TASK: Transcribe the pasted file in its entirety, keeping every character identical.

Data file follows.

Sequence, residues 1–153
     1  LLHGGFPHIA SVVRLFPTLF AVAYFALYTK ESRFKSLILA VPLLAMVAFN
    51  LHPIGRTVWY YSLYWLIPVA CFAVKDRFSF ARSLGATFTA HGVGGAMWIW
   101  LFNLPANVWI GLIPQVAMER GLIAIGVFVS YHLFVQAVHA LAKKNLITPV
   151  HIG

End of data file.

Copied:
Sequence, residues 1–153
     1  LLHGGFPHIA SVVRLFPTLF AVAYFALYTK ESRFKSLILA VPLLAMVAFN
    51  LHPIGRTVWY YSLYWLIPVA CFAVKDRFSF ARSLGATFTA HGVGGAMWIW
   101  LFNLPANVWI GLIPQVAMER GLIAIGVFVS YHLFVQAVHA LAKKNLITPV
   151  HIG